Di Berardino, Angelo, ed.
We Believe in One Holy Catholic and Apostolic Church
Ancient Christian Doctrine 5
Downers Grove, IL: IVP Academic, 2010. Pp. xxxii + 316. Hardcover. $50.00.
With thanks to Adrianna Wright at IVP Academic for this review copy!
We Believe in One Holy Catholic and Apostolic Church is the fifth and final installment in IVP’s Ancient Christian Doctrine series. As with all the books in the series it mines the vast body of patristic literature for relevant quotations concerning an article of the Niceno-Constantinopolitan Creed, this time, obviously the final article which consists of three clauses: “We believe in one holy catholic and apostolic Church. We acknowledge one baptism for the forgiveness of sins. We look for the resurrection of the dead and the life of the world to come. Amen.” These three clauses are then broken down even further and treated according to the following chapter titles:
- We Believe in One Holy Catholic and Apostolic Church: The Church
- We Believe in One Holy Catholic and Apostolic Church: One Holy Catholic and Apostolic
- We Acknowledge One Baptism
- For the Forgiveness of Sins
- We Look for the Resurrection of the Dead
- And the Life of the World to Come: Blessedness and Condemnation
- And the Life of the World to Come: Christ’s Return, the Judgment and Eternal Life
As with the other volumes in this series each chapter begins by presenting the article of the N-C Creed under examination in Greek, Latin, and English with the specified clause in bold print. Brief sections then follow which set the material in its historical context and give an overview of what the section will contain before moving on to the quotations themselves which are all preceded by topic headings and concluded with footnotes leading the reader to the source material where the full quotation can be read in context. Most readers will need to consult the abbreviations key (p. ix-xi) to track down the footnoted references as they are abbreviated and many times lead to works that are probably not familiar to most of the intended audience of this series (i.e., while many of the quotations come from Roberts and Donaldson’s Ante-Nicene Fathers as well as Schaff’s Nicene and Post-Nicene Fathers there is a plethora of material that has been quoted, adapted, or translated from Greek and Latin texts as well as scholarly monographs).
It should be noted here that the quotations are not all commentary on the N-C Creed itself (as some pre-date it), but rather the N-C Creed is the culmination of the thinking that we find in these quotations, and many others not found in these volumes. It’s a statement of faith that summarizes the early Church’s view of the biblical message presented throughout the Old and New Testaments. It’s truly amazing to read through the material and see just how united early Christians were on these matters, although we must admit that the selected material is not comprehensive or exhaustive, so in the end we’re only presented with a partial picture. Nonetheless, the overall similarity in thinking on matters such as infant baptism or the resurrection of the body (to take just two examples) is something to take note of when you realize that these men were separated by time and place (i.e., they wrote over the course of a few centuries and from many different geographical locales).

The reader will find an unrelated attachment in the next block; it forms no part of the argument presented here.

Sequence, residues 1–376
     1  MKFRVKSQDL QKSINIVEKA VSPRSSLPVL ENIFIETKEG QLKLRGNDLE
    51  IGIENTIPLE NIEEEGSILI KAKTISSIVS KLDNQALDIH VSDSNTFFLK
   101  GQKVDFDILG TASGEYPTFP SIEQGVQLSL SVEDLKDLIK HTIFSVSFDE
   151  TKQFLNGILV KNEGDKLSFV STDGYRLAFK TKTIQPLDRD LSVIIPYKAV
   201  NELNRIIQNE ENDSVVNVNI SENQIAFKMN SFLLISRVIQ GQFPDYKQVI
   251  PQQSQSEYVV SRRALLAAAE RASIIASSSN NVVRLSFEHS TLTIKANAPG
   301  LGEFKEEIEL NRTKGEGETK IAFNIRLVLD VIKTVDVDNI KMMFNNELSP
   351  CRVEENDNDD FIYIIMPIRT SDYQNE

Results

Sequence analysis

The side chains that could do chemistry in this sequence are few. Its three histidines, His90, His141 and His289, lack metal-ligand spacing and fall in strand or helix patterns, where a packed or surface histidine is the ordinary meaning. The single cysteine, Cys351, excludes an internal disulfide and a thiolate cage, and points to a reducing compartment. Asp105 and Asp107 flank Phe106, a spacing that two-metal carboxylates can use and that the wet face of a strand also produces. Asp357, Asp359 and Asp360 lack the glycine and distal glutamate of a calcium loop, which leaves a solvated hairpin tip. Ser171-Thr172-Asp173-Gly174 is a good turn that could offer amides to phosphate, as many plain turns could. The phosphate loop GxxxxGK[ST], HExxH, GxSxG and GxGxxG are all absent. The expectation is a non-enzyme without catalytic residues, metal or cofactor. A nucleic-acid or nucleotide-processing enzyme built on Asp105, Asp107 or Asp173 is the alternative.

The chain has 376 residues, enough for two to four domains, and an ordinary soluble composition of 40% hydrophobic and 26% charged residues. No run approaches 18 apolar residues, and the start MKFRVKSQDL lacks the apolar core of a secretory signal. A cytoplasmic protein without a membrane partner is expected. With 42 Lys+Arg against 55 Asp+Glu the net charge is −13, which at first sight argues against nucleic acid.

This takes us to the distinctive features of this final volume alone which are the “Biographical Sketches & Short Descriptions of Select Anonymous Works” (p. 283-303) and the “Timeline of Writers of the Patristic Period” (p. 304-09). The biographical sketches are extremely brief at only a sentence or two but they cover all the major players and give key information. The timeline is perhaps my favorite feature as it not only lists the writer and the time in which they lived, but it also lists the location from where they wrote, and the language in which they wrote (Latin, Greek, Coptic, or Syriac). Both of these features are extremely useful as is the rest of the back matter which includes an outline of the book’s contents (p. 276-77), a list of ancient authors and texts cited (p. 279-82), and finally a Scripture index (p. 312-16).
The introduction by the volume’s editor Angelo Di Berardino (p. xiii-xxxii) and the conclusion to the Ancient Christian Doctrine series by series editor Thomas Oden (p. 269-75) make this a complete volume in more ways than one, i.e., Di Berardino’s introduction looks at the clauses of the Creed under examination and sets the reader up for what follows in helping us to think about the importance and relevance of the ideas represented by this material in the life of the Church and Oden’s conclusion quite literally completes the series serving as an overview of the series as a whole while still informing the reader at the same time. One could read this volume alone and still come out with a great understanding of the importance of the N-C Creed and its place in the life of the Church from Oden’s conclusion.
We Believe in One Holy Catholic and Apostolic Church accomplishes exactly what it set out to do in providing readers with a compendium of quotations from the church fathers on the articles of faith expressed in the N-C Creed. This volume (and those that have preceded it) is useful on many levels, for example, it can act as a catalyst for a more in-depth examination of the subjects covered or the writers quoted, or it can aid in sermon preparation as it did with my pastor this past Easter Sunday (April 4, 2010) when he wanted a general overview of the patristic witness concerning baptism since he was performing baptisms. And finally I’d suggest that this series as well as IVP’s Ancient Christian Commentary on Scripture series help the modern reader to engage in fellowship with the Church of old in ways that they probably wouldn’t have otherwise.